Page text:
One of the most rewarding aspects of working in Special Collections & Archives is the opportunity to host student learning experiences. We work with undergrads and grads who are students from UB and area colleges on a variety of projects—internships, fieldwork experiences, volunteer opportunities, and student assistant positions. This summer, we had the opportunity to work with Samuel Shear, an undergraduate history major at the University of Baltimore, an active member of the campus history club, and a local history enthusiast.
Sam focused his summer internship on the League of Women Voters for Baltimore City Records, an archival collection related to 20th century local politics, which is described in our online database here. Part of this project involved organizing and describing folders in the collection, and recording that information in electronic format. Sam’s interest in the material compelled him to do more than just catalog folder titles, however. He also began identifying themes and records of historic significance, keeping detailed notes about these materials in the collection. Says Shear, “Writing down the historical significance of each file in my notebook and then typing it up was a good way to learn.”
Reflecting on the project, Sam explains his work in greater detail, providing examples of what he learned. “As I entered more files into the [archives] database, I learned about all the issues that the League of Women Voters focused on and that these issues dominated not only the Baltimore chapter, but the national chapter as well.” Among the national topics Sam identified were voting, education, pollution, welfare, and Civil Rights.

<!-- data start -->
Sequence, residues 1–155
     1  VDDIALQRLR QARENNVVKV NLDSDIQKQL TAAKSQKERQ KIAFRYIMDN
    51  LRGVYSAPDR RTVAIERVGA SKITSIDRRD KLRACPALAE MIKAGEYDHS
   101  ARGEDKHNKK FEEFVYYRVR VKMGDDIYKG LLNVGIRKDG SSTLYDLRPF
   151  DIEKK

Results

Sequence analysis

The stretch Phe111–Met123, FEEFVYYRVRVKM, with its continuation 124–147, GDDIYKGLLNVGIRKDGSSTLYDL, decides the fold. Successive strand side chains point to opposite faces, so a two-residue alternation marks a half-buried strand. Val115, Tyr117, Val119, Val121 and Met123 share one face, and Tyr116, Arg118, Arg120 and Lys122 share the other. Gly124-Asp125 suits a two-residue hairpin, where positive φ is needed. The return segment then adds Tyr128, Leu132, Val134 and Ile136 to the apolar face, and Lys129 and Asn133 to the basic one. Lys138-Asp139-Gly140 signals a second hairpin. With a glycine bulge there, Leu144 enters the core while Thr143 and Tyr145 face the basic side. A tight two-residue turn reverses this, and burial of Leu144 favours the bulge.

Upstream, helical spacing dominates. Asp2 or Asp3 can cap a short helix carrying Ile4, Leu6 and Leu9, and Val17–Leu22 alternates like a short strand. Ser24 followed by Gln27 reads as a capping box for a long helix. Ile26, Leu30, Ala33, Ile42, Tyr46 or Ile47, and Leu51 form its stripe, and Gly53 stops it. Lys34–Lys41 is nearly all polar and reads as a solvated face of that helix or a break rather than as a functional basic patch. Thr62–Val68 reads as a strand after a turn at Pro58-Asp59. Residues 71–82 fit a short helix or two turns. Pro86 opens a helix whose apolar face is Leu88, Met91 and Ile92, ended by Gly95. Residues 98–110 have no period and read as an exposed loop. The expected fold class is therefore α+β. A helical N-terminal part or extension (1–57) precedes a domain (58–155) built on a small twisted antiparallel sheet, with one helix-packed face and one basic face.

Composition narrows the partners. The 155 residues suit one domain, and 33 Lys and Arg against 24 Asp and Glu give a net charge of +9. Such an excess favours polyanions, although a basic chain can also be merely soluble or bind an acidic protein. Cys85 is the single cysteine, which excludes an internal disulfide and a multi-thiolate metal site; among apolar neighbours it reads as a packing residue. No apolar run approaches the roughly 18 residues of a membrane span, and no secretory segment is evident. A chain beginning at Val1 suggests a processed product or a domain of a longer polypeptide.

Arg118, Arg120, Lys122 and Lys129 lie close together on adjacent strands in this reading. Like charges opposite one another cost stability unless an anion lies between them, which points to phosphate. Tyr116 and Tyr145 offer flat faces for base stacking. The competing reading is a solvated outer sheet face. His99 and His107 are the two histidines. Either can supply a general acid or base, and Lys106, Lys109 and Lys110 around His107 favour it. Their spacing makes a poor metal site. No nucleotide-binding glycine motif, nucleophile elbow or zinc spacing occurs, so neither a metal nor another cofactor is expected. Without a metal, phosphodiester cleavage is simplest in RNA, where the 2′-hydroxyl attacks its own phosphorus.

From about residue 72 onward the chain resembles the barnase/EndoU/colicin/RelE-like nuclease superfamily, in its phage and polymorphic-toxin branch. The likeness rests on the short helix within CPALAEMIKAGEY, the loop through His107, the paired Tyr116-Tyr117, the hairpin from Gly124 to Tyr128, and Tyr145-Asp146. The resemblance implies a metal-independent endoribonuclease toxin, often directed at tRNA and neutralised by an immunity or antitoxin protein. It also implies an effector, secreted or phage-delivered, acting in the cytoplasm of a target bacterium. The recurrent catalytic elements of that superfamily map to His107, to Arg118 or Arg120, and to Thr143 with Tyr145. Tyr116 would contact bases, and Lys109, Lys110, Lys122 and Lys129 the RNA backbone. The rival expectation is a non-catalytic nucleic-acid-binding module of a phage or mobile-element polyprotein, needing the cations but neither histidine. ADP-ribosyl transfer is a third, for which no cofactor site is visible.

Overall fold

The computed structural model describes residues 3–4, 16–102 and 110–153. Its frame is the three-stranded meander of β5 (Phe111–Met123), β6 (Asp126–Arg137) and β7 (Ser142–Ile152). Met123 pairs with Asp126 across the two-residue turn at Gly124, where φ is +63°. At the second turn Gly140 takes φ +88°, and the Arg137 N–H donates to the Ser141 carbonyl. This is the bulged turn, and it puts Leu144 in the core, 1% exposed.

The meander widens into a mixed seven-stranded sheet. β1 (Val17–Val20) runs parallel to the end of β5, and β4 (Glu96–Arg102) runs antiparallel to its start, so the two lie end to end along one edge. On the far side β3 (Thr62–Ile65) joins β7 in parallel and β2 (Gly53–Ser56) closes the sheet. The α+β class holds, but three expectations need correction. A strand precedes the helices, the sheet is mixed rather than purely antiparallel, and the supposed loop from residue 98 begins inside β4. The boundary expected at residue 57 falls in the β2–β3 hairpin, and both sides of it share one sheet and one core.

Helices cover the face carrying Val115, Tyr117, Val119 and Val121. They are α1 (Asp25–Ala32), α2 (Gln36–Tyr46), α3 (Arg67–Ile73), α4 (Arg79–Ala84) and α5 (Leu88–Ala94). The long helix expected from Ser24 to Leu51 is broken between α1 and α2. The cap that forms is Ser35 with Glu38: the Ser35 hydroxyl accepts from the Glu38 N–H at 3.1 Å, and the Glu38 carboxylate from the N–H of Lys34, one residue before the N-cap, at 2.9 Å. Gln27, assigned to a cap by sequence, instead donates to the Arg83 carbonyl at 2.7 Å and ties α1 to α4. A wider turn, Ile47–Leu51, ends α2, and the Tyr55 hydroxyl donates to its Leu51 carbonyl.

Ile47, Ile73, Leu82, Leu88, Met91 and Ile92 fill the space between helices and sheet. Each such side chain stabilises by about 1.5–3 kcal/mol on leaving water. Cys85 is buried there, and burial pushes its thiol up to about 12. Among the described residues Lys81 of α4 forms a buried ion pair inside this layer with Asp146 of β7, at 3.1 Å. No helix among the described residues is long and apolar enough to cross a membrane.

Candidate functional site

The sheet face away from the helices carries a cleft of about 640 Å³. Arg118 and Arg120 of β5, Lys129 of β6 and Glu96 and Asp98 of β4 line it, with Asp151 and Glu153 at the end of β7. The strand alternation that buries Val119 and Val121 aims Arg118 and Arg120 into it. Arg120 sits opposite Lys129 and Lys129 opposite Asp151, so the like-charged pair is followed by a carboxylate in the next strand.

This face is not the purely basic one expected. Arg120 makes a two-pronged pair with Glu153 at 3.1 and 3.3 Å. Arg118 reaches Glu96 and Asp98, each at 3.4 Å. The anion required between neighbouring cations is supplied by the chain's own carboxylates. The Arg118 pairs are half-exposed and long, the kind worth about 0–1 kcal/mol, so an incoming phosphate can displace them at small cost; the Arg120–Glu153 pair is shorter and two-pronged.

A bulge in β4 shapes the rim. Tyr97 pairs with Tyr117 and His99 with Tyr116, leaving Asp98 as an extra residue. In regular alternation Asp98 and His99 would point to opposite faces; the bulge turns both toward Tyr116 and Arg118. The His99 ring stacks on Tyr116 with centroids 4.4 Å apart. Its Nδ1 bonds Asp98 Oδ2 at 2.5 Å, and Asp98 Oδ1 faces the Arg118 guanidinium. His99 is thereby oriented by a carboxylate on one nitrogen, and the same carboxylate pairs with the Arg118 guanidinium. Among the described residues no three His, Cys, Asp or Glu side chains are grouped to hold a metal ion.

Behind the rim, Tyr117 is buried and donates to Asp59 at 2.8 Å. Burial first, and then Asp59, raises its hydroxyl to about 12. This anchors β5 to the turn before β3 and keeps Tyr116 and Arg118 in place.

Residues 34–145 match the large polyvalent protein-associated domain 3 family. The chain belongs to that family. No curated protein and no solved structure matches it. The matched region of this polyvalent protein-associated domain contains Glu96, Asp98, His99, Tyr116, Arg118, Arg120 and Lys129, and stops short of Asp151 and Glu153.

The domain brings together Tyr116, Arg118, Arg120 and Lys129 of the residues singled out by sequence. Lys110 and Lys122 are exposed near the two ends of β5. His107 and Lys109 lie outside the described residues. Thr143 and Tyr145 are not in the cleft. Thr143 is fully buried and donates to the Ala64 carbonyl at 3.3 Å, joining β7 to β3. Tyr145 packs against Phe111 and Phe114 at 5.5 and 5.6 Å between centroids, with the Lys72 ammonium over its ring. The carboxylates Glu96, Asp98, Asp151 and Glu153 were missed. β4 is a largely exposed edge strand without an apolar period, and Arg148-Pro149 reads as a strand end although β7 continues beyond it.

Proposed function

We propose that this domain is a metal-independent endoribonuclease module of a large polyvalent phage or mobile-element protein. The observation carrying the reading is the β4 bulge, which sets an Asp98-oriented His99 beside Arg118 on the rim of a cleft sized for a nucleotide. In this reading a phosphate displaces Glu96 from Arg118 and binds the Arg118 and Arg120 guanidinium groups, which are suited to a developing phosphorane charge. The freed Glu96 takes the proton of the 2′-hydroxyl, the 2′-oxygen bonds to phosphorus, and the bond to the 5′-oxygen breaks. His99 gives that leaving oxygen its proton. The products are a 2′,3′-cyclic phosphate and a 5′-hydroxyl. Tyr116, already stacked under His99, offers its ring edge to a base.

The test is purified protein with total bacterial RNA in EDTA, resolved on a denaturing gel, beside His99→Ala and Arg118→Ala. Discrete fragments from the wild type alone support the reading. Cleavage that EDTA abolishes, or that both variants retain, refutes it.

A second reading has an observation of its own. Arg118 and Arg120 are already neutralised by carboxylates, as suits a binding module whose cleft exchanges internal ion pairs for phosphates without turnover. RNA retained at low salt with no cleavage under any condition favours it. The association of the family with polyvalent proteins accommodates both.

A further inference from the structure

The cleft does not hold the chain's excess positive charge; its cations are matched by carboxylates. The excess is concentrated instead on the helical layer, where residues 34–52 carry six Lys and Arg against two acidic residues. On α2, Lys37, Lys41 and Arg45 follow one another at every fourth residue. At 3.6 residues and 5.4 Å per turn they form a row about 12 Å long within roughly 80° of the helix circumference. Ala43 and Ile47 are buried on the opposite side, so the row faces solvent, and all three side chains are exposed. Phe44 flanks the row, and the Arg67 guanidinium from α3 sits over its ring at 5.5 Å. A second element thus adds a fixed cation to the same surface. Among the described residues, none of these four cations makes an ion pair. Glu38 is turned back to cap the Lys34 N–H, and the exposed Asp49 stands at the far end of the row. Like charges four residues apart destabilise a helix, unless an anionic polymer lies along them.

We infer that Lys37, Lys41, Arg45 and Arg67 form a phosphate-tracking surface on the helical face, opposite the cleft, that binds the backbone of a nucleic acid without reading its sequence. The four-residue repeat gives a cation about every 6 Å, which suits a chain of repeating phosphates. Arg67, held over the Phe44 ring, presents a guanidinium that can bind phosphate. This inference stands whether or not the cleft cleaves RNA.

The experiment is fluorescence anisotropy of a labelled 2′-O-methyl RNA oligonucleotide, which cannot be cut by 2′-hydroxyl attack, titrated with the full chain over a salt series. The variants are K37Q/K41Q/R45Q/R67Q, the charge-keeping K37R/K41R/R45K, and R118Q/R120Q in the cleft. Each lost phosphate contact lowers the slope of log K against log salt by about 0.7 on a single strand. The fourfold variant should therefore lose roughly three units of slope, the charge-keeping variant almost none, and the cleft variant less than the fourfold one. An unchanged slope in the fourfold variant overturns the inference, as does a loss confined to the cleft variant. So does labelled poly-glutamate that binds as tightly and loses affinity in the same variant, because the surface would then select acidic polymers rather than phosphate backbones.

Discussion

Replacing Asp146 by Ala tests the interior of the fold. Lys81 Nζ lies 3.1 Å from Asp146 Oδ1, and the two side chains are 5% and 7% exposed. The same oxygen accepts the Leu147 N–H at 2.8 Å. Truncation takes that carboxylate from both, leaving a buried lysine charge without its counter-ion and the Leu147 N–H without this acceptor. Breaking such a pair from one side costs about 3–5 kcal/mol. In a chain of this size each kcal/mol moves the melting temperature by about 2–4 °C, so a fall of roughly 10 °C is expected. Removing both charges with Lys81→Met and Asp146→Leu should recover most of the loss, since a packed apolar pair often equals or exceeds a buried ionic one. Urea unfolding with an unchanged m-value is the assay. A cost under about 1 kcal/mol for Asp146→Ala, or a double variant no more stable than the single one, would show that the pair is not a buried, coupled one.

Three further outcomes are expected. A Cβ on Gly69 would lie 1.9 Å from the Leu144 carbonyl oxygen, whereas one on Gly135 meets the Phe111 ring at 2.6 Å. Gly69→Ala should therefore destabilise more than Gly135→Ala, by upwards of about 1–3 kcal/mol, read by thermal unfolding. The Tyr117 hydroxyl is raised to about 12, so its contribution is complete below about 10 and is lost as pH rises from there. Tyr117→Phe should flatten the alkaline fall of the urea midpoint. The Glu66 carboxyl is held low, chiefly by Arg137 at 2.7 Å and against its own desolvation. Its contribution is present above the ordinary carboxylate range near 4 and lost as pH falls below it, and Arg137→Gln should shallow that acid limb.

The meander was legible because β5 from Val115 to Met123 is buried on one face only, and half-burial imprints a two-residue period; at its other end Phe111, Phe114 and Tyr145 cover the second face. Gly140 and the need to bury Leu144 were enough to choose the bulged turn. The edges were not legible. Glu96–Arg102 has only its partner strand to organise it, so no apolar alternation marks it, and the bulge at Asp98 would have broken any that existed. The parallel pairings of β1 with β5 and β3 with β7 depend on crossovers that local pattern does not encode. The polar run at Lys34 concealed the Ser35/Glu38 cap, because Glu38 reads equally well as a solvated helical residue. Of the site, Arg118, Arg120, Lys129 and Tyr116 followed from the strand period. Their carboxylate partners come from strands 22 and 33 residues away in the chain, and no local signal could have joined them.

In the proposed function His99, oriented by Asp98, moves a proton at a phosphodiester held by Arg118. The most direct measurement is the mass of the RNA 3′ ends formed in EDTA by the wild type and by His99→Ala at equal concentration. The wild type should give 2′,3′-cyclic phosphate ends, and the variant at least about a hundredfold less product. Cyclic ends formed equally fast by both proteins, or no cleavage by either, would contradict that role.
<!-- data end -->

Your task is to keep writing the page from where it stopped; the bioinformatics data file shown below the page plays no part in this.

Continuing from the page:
Additional local matters included bond issues, charter amendments, and concerns over the maintenance of public schools. “I learned that Baltimore originally could not put bond issues on the ballot without approval from the Maryland General Assembly. Additionally, I learned that in 1984, there was a proposed charter amendment that called for the districts in Baltimore City to go from three council members to just one. In learning about the proposed charter amendment calling for the districts in Baltimore City to go from three council members to just one, I found out that the Baltimore chapter of the League of Women Voters played a role in that charter amendment being rejected.”
The library and the staff of Special Collections & Archives thank Sam for his dedication to this summer project! We’ll be updating our online public database with his collection inventory. His notes on records of historic significance will be kept with the archival collection, as a guide for future students and researchers.